Tomatoes are one of the easiest vegetables to grow and they can be used so many ways, try and grow your own with the help of this guide!
Many dishes need tomatoes to taste great, and they are used to prepare meals in many communities around the world. They are so ubiquitous because they can grow in many different climates.
One of the best things about tomatoes is the fact that they are rich in vitamins and minerals, because of this, they provide many health and wellbeing benefits.
You can eat tomatoes as fruit on their own or use them to make delicious tomato soup to go with your favourite bread, grilled cheese, salad, fried fish, or steak.
How To Plant Tomatoes
Tomatoes are best grown from seeds. To plant tomatoes, you need to buy seeds from a reputable gardener or seed shop. If you attempt to grow tomatoes from tomato seeds you extract yourself from a random tomato, the resulting plants will not be very impressive.
Once you get tomato seeds, start them indoors about eight weeks away from the last frost date in spring. Do this by sowing two seeds per 0.5-inch hole with about an inch between each hole in a small pot with planting soil, then set the pot under growing lights to increase the temperature for germination.
After about one week, your seeds will germinate. You are then supposed to cut off the weaker seedling from each planting hole to allow the other to grow better. You should continue watering the seedlings and exposing them to growing lights every day or so.
Once they become big enough, transfer each seedling to a bigger pot, making sure not to disturb the root ball. About two weeks after the last frost date in your area, your tomato seedlings will be big enough to transplant and the ground will be warm enough to support them.
To transplant tomato seedlings, prepare the planting sites by mixing the soil with compost and then digging holes big enough to accommodate the root balls of your tomato plants. After this, set your tomato plants in the holes, bury and water them, but at this size, make sure your tomato plants are about 24 inches apart.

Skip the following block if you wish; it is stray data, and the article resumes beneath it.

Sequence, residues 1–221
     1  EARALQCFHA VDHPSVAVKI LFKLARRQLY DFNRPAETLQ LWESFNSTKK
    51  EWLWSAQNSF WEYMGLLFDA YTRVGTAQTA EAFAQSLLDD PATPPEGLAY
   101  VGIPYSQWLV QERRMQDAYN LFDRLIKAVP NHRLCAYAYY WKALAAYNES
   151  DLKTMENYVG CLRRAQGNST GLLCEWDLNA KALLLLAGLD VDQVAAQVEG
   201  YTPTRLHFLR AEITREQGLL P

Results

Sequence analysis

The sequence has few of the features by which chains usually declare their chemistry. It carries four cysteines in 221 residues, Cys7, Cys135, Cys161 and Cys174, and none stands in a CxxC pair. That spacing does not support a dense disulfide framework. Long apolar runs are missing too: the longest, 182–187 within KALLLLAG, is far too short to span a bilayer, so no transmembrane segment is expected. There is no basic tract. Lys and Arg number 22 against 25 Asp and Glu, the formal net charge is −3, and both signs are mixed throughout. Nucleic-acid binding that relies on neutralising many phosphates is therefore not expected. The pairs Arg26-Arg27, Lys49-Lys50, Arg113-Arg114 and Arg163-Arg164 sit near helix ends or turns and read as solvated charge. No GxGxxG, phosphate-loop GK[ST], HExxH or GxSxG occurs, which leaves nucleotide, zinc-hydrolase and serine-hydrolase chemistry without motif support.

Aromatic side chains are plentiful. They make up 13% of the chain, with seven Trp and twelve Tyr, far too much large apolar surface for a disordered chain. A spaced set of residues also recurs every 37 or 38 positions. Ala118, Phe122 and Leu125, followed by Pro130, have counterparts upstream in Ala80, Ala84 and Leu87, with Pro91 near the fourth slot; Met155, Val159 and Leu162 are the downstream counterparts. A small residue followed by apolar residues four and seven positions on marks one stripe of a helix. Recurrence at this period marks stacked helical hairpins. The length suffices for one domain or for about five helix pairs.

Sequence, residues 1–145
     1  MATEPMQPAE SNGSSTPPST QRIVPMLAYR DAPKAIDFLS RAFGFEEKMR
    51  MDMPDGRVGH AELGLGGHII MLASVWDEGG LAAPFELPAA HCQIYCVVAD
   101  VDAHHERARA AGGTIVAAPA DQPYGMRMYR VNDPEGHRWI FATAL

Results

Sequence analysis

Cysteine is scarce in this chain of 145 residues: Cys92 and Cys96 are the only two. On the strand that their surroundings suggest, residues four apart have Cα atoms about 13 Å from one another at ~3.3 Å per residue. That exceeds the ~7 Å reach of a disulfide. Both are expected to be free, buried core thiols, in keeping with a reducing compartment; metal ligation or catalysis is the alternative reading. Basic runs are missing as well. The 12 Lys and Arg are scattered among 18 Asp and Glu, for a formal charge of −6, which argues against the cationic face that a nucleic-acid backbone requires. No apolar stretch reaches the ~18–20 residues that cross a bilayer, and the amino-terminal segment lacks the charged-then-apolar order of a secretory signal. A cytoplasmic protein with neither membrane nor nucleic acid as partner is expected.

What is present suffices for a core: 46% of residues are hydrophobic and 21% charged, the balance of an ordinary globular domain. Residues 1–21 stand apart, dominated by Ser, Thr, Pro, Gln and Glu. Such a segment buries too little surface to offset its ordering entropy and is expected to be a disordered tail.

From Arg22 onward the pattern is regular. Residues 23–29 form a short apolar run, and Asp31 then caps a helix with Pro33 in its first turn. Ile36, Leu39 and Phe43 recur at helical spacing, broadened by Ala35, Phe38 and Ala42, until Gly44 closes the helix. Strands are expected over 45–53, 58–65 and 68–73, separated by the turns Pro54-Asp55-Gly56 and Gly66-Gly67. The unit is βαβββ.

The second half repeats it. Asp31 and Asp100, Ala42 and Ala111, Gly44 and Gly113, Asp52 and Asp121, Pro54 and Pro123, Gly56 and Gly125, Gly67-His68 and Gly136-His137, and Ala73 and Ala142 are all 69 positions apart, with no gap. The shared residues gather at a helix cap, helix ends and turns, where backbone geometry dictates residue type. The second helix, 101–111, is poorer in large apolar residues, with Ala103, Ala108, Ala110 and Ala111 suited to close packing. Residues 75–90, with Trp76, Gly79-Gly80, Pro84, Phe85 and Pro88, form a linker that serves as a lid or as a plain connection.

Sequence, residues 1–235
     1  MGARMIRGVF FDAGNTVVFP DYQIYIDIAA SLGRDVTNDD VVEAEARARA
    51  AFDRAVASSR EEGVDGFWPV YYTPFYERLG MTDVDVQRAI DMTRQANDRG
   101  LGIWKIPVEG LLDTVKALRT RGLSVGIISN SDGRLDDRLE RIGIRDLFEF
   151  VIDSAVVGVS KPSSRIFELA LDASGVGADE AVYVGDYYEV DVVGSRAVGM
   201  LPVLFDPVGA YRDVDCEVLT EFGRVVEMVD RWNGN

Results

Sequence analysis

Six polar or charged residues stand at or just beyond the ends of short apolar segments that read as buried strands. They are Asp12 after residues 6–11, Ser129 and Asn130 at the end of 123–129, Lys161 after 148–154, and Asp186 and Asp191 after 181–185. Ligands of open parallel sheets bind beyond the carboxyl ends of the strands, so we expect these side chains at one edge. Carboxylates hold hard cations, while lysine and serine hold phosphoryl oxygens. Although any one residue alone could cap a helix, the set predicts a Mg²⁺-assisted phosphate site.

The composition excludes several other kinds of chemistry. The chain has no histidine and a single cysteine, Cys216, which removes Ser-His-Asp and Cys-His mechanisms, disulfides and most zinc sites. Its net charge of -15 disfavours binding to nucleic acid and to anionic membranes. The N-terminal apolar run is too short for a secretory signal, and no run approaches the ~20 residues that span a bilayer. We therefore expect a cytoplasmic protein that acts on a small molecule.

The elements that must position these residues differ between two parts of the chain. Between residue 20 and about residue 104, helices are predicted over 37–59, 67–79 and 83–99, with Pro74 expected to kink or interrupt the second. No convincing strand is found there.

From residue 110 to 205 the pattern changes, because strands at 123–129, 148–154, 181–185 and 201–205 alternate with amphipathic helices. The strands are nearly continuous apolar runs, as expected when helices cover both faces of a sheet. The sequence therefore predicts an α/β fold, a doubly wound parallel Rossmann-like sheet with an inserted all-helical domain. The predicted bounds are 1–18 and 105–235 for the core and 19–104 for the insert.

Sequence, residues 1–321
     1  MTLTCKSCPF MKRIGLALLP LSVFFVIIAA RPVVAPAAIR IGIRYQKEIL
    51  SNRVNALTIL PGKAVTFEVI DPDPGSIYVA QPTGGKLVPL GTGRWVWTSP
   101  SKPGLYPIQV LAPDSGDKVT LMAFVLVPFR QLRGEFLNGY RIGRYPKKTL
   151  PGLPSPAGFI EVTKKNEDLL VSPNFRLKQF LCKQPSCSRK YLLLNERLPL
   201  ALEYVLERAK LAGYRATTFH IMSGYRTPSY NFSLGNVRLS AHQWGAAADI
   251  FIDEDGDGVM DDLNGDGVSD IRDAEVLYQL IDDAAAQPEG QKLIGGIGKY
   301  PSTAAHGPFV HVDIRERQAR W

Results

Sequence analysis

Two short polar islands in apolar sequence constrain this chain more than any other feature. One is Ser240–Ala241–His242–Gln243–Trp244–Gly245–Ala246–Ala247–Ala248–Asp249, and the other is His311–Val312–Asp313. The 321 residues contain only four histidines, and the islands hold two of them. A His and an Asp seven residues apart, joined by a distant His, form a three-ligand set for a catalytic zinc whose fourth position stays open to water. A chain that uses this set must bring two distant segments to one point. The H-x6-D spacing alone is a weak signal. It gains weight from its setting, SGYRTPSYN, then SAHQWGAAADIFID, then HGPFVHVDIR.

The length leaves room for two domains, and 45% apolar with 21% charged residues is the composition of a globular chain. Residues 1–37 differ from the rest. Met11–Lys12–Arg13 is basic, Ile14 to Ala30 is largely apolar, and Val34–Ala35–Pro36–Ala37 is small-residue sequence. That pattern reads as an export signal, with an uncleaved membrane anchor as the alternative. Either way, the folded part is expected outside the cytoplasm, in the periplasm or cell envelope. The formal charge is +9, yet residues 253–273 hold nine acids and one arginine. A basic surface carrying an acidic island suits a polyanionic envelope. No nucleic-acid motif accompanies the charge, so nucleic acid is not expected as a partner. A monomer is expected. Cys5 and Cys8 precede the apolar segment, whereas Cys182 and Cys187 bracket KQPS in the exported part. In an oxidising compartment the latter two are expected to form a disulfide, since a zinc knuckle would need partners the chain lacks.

How To Care For Tomato Plants
After transplanting tomatoes, the most important thing to do is to water them consistently. If you fail to do this, they will die quickly or have a disappointing yield if they manage to survive. You should only add enough water to make the root systems moist, but not wet.
The second most important thing to do is protect them with some sort of netting when the sun is too hot. This will prevent them from losing too much water to evaporation and allow them to grow quicker.
Many people apply mulch to the base of their tomato plants too to help with the reduction of moisture loss. Tomatoes are essentially herbs, therefore, they require support in the form of stakes, especially when their fruits start growing big and becoming heavy.
How to Harvest Tomatoes
You will know your tomatoes are ready when they reach full size and change colour from green to reddish. You will also know they are ready when they give a little when you press them.
Tomatoes start to ripen from mid-summer, depending on the variety, weather conditions and fruit size. To harvest a tomato, hold it gently and twist it to detach it from your tomato plant.
At the end of the growing season, lift outdoor plants with unripe fruit and either lay them on straw under cloches or pick the fruits and place somewhere warm and dark to ripen.
You should be taking in quite a significant yield, this gives you enough to try some adventurous recipes, like the ones found here!
Tips & Common Problems
Pruning your tomato crops can ensure they come up to full strength and produce bigger fruit. Staking them when the fruits start to grow supports the stems and allows the plants to keep growing too.
Tomato splitting is a very common problem. While it doesn’t affect the taste, split fruit left on the plant will often be infected by fungus. Control temperature and sunlight levels, feed regularly and water to maintain moisture levels to prevent this.
Tomato leaf mould can develop rapidly and yellow blotches develop on the upper leaf and pale, greyish-brown mould growth is found on the corresponding lower surface. Select resistant cultivars and provide ample ventilation to indoor crops.
Feed every 10–14 days with a balanced liquid fertiliser, changing to a high potash feed once the first fruits start to form.